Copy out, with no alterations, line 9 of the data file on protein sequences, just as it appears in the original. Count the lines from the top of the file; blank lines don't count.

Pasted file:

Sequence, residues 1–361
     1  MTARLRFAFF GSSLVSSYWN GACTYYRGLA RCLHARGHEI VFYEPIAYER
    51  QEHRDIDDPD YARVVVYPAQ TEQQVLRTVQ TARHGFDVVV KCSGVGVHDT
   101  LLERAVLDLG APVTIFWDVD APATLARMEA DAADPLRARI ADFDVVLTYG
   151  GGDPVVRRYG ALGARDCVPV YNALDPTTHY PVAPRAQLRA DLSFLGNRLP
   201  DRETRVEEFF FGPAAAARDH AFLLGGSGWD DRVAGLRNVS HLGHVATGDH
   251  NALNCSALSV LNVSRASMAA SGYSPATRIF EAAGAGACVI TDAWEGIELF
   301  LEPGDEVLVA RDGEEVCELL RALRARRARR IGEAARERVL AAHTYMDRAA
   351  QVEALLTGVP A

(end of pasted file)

   351  QVEALLTGVP A